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Grassland stream ecology

Grasslands and wooded grasslands cover around 40% of the Earth’s terrestrial surface and more than ¼ of global runoff originates from these systems. Yet, surprisingly little is known about the ecology and unique properties of streams that link grasslands to downstream habitats. Understanding the ecology and ecosystem services provided by small headwater streams in the Great Plains region is especially important because those streams represent a critical interface between terrestrial habitats and downstream areas, and processes occurring in these streams affect downstream water quality.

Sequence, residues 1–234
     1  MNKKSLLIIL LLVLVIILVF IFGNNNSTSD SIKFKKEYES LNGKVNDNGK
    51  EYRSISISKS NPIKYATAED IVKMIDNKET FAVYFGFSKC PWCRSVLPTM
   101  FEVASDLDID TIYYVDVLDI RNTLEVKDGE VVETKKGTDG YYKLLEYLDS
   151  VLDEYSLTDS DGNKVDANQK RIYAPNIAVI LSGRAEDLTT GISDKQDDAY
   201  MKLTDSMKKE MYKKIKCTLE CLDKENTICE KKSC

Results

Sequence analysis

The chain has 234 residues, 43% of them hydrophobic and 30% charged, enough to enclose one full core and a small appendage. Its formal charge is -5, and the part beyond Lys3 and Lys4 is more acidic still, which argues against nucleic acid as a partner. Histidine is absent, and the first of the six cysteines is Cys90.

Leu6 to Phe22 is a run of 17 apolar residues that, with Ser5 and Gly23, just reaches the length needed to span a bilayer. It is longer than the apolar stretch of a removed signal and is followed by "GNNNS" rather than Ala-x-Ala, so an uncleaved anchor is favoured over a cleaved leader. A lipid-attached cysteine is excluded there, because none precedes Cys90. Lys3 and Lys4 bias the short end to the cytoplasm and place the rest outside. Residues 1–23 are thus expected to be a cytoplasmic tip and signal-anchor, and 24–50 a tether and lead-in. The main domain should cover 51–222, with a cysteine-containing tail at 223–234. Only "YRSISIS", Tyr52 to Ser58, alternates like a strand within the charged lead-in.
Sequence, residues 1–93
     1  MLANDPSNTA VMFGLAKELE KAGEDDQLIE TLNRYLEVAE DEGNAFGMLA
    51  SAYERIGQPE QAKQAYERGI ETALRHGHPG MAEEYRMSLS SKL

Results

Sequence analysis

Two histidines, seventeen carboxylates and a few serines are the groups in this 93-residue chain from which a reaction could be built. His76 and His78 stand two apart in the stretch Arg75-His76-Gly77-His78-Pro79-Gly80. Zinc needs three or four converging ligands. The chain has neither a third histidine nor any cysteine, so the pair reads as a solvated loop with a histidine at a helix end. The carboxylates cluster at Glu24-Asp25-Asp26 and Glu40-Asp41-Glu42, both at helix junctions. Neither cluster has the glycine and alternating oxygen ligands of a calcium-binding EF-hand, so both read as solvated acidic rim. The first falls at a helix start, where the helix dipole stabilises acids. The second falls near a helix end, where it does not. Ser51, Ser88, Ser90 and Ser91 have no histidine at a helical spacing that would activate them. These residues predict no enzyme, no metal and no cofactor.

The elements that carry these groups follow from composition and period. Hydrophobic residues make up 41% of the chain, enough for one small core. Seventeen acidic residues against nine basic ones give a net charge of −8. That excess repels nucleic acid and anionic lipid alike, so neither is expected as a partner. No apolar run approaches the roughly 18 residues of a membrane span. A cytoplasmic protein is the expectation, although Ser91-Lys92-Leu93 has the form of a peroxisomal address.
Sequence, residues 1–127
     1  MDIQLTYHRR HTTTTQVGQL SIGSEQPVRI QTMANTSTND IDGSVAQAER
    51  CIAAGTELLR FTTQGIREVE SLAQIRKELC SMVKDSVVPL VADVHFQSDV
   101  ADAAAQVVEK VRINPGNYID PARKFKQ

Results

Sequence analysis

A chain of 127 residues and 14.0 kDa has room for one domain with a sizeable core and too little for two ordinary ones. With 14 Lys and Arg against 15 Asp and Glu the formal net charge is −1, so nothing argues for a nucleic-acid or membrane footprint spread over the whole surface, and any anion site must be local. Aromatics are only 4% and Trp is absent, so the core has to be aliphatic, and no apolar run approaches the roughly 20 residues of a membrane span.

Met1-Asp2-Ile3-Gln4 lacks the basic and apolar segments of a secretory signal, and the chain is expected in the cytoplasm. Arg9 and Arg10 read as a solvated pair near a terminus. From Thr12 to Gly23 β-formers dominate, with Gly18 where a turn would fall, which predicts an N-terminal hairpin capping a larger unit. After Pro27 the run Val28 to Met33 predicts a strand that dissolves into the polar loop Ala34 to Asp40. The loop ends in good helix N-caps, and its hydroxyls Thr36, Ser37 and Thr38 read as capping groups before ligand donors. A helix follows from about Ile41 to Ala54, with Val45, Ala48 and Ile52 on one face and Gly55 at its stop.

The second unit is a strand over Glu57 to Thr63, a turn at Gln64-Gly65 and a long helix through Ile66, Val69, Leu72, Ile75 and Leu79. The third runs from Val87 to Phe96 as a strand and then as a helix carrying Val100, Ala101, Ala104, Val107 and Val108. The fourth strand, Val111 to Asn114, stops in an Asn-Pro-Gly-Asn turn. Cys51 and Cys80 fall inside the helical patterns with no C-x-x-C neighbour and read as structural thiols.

Dodds WK, Gido K, Whiles MR, Fritz KM, Matthews WJ. 2004. Life on the edge: The ecology of Great Plains prairie streams. Bioscience 54:205-216.
Dodds WK, Oakes RM. 2008. Headwater influences on downstream water quality. Environmental Management 41:367-377.
Larson, DM, Dodds, WK, Jackson, KE, Whiles MR, Winders KR (in press) Ecosystem characteristics of remnant, headwater tallgrass prairie streams. Journal of Environmental Quality
Mulholland PJ, et al. 2008. Stream denitrification across biomes and its response to anthropogenic nitrate loading. Nature 452:202-U246.
Dr. Walter Dodds
Grassland stream research: Konza Prairie LTER research includes numerous studies on the ecology of grassland streams. Kings Creek is a part of the USGS Hydrologic Benchmark Network, and is one of the most intensively studies grassland streams on Earth. Four branches of Kings Creek have been instrumented with gauging stations (as shown here) that are used to monitor stream hydrology and nutrient export. 5/2006.
Walter Dodds

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